Monday, April 8, 2013

Former Senator Dave Durenberger Asks 
Some Pertinent Question about the Sanford,
Fairview and University of Minnesota
Ménage à trois


Elected officials in Minnesota are asking to play a role in deciding whether our largest nonprofit, The Mayo Clinic, will grow its future in our state and whether Sanford Health, because it’s a South Dakota nonprofit, should be allowed to become a Mayo competitor in Minnesota by acquiring a controlling interest in Fairview Health and its relationship with the University of Minnesota Academic Health Center and physicians practice group; or, whether the University of Minnesota and its Board of Regents should be allowed to acquire Fairview Health.

The Minnesota Legislature has been asked by Mayo to help finance a part of the development costs which will make the state’s largest employer twice its current size, to make Rochester, MN, one of just a handful of “Destination Health Care Cities” anywhere in the world.

Minnesota Attorney General Lori Swanson, citing a century of public investment in both the UMN and Fairview, wants to know what a hospital system from Sioux Falls, S.D., with a wealthy benefactor from St. Paul, has in mind. And UMN President Eric Kaler suggests we the people might benefit from a UMN takeover of Fairview.

No one so far has asked us, the people of Minnesota who finance all these institutions, what we think about selling our interest in Fairview to the U or to Sanford or what stake we have in investing in a Destination Health Care City.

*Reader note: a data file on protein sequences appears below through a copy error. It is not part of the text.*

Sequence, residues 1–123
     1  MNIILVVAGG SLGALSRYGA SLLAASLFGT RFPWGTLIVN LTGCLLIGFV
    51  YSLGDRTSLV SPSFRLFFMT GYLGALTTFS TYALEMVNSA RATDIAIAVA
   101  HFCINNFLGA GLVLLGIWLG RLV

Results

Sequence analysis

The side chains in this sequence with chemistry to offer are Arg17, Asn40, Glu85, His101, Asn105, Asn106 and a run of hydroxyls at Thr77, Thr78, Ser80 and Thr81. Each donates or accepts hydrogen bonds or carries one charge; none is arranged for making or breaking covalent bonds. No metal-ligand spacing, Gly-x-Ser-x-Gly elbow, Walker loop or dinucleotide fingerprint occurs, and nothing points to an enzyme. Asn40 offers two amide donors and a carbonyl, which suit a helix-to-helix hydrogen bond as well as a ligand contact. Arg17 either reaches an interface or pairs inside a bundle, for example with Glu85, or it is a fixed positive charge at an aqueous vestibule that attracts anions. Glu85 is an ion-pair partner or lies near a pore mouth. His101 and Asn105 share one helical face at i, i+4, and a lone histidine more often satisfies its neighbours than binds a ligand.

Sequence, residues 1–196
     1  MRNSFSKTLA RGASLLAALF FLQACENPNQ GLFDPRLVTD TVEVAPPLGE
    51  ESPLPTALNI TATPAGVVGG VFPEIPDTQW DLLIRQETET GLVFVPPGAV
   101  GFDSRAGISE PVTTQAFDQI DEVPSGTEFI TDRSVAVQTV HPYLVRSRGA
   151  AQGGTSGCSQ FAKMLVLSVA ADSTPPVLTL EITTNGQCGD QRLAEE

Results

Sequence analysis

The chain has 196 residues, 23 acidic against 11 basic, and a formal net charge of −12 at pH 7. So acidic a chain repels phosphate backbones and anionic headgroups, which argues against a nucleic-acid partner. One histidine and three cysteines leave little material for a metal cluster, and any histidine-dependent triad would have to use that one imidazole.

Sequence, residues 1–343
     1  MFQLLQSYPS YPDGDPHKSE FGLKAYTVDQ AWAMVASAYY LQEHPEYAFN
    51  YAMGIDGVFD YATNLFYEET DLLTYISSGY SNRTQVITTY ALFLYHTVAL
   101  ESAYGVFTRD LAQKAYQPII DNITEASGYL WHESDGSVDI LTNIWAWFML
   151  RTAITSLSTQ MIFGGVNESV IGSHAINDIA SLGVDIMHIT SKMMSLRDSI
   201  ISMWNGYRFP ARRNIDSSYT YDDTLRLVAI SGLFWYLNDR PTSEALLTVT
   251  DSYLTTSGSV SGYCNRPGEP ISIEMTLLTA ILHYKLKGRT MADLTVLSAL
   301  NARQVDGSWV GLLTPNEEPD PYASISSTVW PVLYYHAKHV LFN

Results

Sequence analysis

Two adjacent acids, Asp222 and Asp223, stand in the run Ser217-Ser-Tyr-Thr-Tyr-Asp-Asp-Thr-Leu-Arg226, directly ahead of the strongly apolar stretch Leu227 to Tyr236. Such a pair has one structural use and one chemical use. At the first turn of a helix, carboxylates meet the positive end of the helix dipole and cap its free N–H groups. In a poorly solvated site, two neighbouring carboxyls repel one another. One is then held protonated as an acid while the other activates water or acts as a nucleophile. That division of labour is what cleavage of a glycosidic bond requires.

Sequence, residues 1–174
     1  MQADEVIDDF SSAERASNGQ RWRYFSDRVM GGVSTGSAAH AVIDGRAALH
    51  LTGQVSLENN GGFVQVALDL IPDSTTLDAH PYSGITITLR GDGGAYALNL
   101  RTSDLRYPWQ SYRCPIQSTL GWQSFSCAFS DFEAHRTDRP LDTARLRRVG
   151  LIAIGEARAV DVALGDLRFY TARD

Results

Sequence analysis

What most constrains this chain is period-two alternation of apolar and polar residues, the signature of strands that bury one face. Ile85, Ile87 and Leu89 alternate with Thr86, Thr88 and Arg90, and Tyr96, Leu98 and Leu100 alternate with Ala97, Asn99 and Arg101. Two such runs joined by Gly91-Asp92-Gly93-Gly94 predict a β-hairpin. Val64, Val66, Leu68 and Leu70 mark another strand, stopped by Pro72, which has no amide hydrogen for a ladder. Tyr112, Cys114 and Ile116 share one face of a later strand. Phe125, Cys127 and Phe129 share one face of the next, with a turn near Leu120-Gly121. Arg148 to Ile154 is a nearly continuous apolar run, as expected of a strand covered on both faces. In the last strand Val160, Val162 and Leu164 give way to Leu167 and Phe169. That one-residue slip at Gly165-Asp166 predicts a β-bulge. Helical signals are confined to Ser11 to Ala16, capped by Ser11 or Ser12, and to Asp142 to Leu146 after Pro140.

With health care costing what it does today, and health reform being as complex and as polarizingly political as it is, 7 or 8 million people living in Minnesota, the Dakotas, northwestern Iowa and western Wisconsin might have more at stake in knowing what’s up than the legislative tax committees, the Legislature’s appointees to the UMN Regents, or the attorney general. So why not ask both Mayo and Sanford to tell us what they see health care being like 10 years from now if they get their way? Old time experts at the U suggest it may not be worth our time to ask the university since it may be part of the problem, but why not ask them all?

What’s the future of health care in our community; of health care research; of health professions education? To whom should we entrust this future? To the institutions that have helped create the cost/quality/access problems we are paying for? What’s at stake for those of us who will be reaping the benefits of the presumed better health care quality and access, while paying the bill for it as well? Yes, and what’s that bill likely to be if the stakeholders in the health system get their way compared with where we’d be without their new investments of our resources?

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